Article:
Why is it not FAANGU?
I’d just bet on FU and call it the day.
Suddenly everyone including Jim Cramer and @manch are banging uber
Loss of pricing power is the word I am reading all around. Can UBER keep its pricing power for too long? Read that Ola, an Indian company, is entering London market, apparently to fill in the space that UBER may vacate (very unlikely though).
Just go read the Uber P&L. You’ll realize the gross margin is worse than Toyota. Also, it takes a ton of staff to run the operation, so there are massive expenses below the gross margin line. It’ll never be profitable.
They’d have to dramatically increase prices (customers will leave) or pay drivers less. If anything, they will have to pay drivers more. They already offer all sorts of incentives. It’s why they were going after self-driving cars. Their prospectus even said that lack of self-driving cars was an existential risk to the company.
They only publish customer statistics. I’d love to see the driver churn numbers. I think people would realize they are going to churn through all the potential drivers, and their only option will be to increase pay.
The growth rate in the core ride sharing business has been decelerating for awhile. That means they won’t grow their way to net profits by leveraging their OPEX expenses. They are trying to distract from that by adding food delivery, bikes, and other unprofitable businesses. The problem is none of them are truly scalable in a profitable way. They aren’t Instagram or WhatsApp scaling with a team of under 100.
The growth rate distracted from the fact the business model is fundamentally broken and not scalable in a profitable way.
Good Analysis. The above is going to be true for everyone (lyft, ola) though. The factor cost of doing business is same for every business unless one of them is smarter to come up with way to get more out of same cost or raise prices. In other words, they have to beat either through cost (like Walmart), or product differentiation (whole foods).
Exactly. That’s why autonomous cars are the key to the race. It’ll lower the cost by not having to compensate a person for their time spent driving. I suspect this generation will go bankrupt before it happens similar to the first generation of dotcoms. Once autonomous cars are available, someone will revisit the idea.
Autonomous cars are a hoax. And if Uber has to buy and maintain them, where will they get the money? Right now it costs them nothing and the Uber slave drivers make $5/hr after paying for these cars.
That’s why I never understood the business model of Waymo. It seems they wanted to own the cars. That takes a crazy amount of capital.
I think Uber’s plan is people would buy an autonomous car then sign it up for Uber rides when they aren’t using it. I could see that business model working, but that is going to take at least a decade.
Good point. Either they pay for the drivers. Or pay for the expensive machines. At the end, personal mode of transportation is going to be proven most efficient and most desired. Sorry to break this new to public transport enthusiasts. Actually, car haters and parking haters count uber cars as 0.7 car and they claim roads are clogged in san Francisco due to these cars (uber/lyft).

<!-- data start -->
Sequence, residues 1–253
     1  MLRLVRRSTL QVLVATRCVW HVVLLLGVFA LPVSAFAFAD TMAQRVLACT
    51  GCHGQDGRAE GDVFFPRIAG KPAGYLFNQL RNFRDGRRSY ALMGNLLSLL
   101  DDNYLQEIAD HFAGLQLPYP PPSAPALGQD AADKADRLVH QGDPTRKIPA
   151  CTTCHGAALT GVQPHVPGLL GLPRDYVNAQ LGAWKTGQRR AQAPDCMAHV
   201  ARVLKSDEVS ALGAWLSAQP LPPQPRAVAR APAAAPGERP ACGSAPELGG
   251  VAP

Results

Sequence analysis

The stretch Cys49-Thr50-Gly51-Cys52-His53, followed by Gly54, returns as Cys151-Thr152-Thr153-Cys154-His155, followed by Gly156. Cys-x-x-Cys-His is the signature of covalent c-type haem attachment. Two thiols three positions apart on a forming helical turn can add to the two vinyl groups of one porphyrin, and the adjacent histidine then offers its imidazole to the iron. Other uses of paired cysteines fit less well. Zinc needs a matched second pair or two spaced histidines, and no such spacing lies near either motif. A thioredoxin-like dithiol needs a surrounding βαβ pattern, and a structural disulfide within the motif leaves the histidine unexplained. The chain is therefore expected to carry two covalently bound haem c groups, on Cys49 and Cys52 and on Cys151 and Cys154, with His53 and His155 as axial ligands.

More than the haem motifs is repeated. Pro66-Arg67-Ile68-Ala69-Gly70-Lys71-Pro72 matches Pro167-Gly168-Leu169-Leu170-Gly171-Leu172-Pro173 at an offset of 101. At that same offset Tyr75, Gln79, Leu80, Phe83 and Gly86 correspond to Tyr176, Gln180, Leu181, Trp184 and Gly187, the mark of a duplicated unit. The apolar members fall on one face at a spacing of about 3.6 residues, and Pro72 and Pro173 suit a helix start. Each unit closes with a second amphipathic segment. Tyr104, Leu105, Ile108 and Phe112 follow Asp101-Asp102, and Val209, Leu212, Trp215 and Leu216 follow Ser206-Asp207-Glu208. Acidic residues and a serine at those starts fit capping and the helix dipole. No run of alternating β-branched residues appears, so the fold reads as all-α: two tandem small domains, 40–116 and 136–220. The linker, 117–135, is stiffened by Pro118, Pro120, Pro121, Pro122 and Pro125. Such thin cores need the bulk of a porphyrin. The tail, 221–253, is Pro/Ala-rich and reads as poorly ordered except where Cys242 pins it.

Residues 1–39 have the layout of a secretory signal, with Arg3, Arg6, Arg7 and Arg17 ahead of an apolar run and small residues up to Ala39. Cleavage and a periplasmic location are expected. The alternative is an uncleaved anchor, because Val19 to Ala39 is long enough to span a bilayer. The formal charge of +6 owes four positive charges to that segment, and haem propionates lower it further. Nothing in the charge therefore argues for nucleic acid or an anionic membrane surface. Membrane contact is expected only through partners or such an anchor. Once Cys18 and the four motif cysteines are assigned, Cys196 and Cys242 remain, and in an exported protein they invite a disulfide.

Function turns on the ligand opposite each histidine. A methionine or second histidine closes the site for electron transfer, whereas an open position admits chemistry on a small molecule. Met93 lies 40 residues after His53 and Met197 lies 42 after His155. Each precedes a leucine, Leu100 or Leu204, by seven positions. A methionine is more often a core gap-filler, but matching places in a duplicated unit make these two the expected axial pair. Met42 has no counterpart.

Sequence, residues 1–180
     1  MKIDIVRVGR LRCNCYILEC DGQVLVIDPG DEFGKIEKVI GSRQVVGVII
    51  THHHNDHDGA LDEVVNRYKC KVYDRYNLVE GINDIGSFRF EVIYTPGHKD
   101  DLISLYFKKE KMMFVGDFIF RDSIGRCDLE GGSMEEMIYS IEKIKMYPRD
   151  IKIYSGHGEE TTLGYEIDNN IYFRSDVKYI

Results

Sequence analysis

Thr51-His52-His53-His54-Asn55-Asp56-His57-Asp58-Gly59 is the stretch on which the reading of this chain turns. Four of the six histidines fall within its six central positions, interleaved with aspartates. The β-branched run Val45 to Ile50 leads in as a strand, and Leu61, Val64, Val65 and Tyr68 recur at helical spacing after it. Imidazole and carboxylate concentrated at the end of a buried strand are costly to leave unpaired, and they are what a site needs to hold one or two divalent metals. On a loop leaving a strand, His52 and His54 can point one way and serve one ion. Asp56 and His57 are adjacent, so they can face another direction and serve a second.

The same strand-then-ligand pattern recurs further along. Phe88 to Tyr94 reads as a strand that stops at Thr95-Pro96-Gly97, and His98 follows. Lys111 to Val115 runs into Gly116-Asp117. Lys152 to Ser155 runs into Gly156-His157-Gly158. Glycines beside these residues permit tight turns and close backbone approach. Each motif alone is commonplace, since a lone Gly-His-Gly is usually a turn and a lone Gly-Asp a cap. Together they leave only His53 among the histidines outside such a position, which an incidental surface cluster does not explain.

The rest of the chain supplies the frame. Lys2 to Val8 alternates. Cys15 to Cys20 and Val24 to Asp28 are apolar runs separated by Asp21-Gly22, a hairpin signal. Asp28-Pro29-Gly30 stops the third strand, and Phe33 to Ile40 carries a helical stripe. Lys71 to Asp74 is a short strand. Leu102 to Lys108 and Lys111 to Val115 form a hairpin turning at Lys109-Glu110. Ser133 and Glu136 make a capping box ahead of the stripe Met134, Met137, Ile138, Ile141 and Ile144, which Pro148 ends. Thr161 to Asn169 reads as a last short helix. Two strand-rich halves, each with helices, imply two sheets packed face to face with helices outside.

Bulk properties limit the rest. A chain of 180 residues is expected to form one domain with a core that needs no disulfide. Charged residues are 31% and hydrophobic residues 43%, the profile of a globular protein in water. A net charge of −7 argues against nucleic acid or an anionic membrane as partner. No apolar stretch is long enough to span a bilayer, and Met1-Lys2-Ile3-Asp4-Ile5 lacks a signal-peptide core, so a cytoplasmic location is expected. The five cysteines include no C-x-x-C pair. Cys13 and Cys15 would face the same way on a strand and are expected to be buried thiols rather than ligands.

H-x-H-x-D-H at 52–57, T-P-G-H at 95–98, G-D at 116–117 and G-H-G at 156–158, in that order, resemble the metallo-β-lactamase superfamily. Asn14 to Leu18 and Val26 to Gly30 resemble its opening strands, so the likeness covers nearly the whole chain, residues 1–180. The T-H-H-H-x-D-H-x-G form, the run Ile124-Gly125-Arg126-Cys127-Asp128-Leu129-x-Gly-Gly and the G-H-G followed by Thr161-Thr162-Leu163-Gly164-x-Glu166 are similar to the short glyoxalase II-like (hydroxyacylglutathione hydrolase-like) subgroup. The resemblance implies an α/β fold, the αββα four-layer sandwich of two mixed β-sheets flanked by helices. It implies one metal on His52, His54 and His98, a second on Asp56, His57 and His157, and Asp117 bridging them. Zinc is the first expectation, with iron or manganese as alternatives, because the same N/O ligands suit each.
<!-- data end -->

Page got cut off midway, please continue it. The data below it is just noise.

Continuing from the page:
May be sell customers’ profile
Lastly, don’t worry, SoftBank has invested heavily in Uber. They did pretty well investing in WeWork. Trust SoftBank.
Switch the business model to ebikes and scooters. Money makers
I think SoftBank has investments in Ola too. They are everywhere.
I always thought the asymmetrical challenge to Amazon’s e-commerce stronghold is a collection of brick and mortar linked together by easy delivery service. Google sort of half heartedly started the shopping service but in signature google fashion didn’t really see it through. Maybe Uber can finally make it happen?
It’s a decentralized model vs Amazon’s centralized approach. Could be very interesting.
In order to make it happen though it needs more than delivery service. How do customers discover what’s available and how do merchants keep track of inventory also need to be solved. Could be a huge opportunity if Uber delivers.
The solution requires a centralized approach …
Yup. Where you centralize vs where your decentralize is the art of strategy. There is this wise saying:
There are only two ways to make money: bundling and unbundling.
Of course where you bundle vs unbundle is left as an exercise to the readers.
Amazon is not a bunch of brick and mortar linked together. Nor is Amazon is a glorified delivery service. It is a supplier of merchandise directly from the warehouse.
AMZN e-commerce strengths are plenty of choices and speedy order fulfillment
Anyhoo, retailers are rushing to meet the unreasonable demand of millennials of delivering products to them anywhere anytime in the shortest possible time. Giant retailers like AMZN should be able to do that organically. Smaller retailers would need to depend on third party. Can Uber reasonably expect that they can do that better than independent third parties focusing on delivering only?